Archive for the ‘Asia’ Category
By Jonathan Power
April 18th 2017.
There are 29 states which have at one time or another set about becoming nuclear weapons powers or have explored the possibility. Most have failed or drawn back. Only the US, Russia, France, UK, China, India, Israel, Pakistan and North Korea have crossed the threshold. Only the first five have long range, nuclear-tipped, missiles. North Korea wants to walk in their footsteps.
The common belief that when a state has decided to do so it goes for it as fast as it can is wrong. Sweden, Japan, Algeria, Australia, Italy, Yugoslavia, West Germany, Egypt, Iraq, Switzerland, Syria, Brazil, Argentina, Taiwan, South Korea, Norway, South Africa, Pakistan and India all sought to acquire nuclear weapons but their pace and commitment were different.
In the end all but Pakistan and India became convinced to kill their programs off. For many years Indian leaders, unconvinced of their value or of the morality of use, stalled the urge of nuclear scientists to step up the pace of research and engineering.
Nuclear weapon possession is usually counterproductive. Vipin Narang, in Harvard’s “International Security” has shown that “on average, states pursuing nuclear weapons face more armed conflict”.
In the case of the US and the Soviet Union (now Russia) it led to an arms race that enabled each side to blow up each other’s civilization not just once but many times.
North Korea is today’s hot potato. Clearly the regime is moving things forward just as fast as it can. But in past years – during the administrations of Presidents Bill Clinton, George Bush and Barack Obama – North Korea was prepared to compromise. Read the rest of this entry »
By Jonathan Power
March 23rd, 2017
The Asian economies are picking up speed again. After the big hit from Wall Street when the bank, Lehman Brothers, collapsed in a heap in 2008, sending shock waves everywhere, a recovery is now in the works.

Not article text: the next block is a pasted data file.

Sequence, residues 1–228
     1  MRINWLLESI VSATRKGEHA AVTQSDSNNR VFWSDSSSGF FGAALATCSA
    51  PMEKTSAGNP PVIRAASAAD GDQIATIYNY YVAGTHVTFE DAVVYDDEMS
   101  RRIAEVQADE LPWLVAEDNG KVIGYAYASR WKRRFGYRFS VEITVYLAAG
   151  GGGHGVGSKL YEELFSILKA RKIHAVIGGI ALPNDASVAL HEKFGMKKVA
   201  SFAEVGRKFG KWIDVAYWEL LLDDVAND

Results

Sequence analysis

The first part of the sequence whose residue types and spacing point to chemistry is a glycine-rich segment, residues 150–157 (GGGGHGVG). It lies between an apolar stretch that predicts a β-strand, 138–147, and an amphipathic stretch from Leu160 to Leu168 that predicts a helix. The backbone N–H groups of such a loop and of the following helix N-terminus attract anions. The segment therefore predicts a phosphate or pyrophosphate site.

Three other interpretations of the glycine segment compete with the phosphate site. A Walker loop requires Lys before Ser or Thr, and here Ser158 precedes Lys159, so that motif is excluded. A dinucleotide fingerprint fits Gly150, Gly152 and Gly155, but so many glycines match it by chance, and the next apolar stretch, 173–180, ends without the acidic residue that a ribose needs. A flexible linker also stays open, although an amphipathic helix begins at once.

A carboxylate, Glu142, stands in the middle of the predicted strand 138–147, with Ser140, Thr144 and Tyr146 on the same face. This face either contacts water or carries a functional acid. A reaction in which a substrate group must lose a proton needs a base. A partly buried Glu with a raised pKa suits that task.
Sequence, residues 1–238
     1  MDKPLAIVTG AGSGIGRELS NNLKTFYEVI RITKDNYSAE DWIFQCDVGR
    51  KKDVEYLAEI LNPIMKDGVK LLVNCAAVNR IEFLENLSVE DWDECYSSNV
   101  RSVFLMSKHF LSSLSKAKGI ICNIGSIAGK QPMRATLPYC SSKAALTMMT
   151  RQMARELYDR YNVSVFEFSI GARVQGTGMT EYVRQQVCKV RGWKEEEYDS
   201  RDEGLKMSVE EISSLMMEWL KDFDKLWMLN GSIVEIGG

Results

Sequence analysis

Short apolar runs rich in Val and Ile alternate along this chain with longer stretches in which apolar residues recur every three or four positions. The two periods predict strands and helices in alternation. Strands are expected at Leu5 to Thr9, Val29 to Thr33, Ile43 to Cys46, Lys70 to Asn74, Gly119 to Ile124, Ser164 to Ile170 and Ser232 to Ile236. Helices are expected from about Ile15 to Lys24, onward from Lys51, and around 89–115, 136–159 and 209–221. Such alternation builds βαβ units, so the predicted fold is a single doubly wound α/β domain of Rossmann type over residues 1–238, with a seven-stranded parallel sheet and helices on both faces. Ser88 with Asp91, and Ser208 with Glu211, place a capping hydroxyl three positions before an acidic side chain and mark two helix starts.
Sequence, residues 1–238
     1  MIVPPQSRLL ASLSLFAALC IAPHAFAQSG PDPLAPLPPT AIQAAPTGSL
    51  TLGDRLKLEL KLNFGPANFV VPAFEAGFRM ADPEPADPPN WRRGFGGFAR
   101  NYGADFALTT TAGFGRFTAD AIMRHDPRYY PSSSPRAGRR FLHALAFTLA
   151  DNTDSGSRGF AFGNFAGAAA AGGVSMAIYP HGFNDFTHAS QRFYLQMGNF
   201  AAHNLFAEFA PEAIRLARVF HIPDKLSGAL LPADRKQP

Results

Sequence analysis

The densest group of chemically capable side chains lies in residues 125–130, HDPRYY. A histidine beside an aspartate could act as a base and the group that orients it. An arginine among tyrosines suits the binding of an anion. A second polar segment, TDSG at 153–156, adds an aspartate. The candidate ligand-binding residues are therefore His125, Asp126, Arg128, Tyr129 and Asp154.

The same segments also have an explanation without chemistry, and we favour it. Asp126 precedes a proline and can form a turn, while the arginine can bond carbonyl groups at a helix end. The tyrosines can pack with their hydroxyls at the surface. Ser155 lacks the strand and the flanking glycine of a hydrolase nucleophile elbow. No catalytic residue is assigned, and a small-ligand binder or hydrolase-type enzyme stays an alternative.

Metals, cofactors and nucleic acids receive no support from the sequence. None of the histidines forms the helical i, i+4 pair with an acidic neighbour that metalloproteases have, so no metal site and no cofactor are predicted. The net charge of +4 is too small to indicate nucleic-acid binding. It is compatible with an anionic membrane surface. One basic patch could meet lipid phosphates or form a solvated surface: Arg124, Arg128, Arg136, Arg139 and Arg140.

How many child deaths in the Third World did these bankers cause?
Another question is will future growth be like the past- fast but severely inequitable? The same growth before 2008 that reduced absolute poverty created a widening gulf between the haves and have-nots.
But isn’t that sufficient for the day, many ask? Absolute poverty must be the key mark of progress- raising incomes, giving people more money to seek education for their children or medical care or filling the coffers for the state so that it can fund bore holes in the countryside and sewers in the urban slums.
After all in the period of rapid growth from 1990 to 2008 the number of people living in extreme poverty was almost halved, from more than 1.5 billion to 850 million.
China’s poverty fell dramatically from when 85% of the population lived on less than $1.25 a day to when only 13% lived in poverty. India has also reduced poverty rapidly, particularly under the last Congress government of Manmohan Singh and Sonia Gandhi, but the voters still fell for the opportunistic populism of the BJP and voted Congress out.
Of course there are good arguments why the progress made has not been seen as enough, not just because of rising inequality but because India and China between them have two-thirds of the world’s poor.
Escaping poverty is not enough. Read the rest of this entry »
By Richard Falk
When the Clinton campaign started bitching about Russia interfering in US elections by hacking into the DNC I was struck by their excesses of outrage and the virtual absence of any acknowledgement that the United States has been interfering in dozens of foreign elections for decades with no apparent second thoughts.
CNN and other media brings one national security expert after another to mount various cases against Putin and the Kremlin, and to insist that Russia is up to similar mischief in relation to the upcoming French elections.
And never do they dare discuss whether such interference is a rule of the game, similar to espionage, or whether what was alleged to have been done by the Russians might lead the US political leaders and its intelligence agencies to reconsider its own reliance on such tactics to help sway foreign elections.
Is this selective perception merely one more instance of American exceptionalism?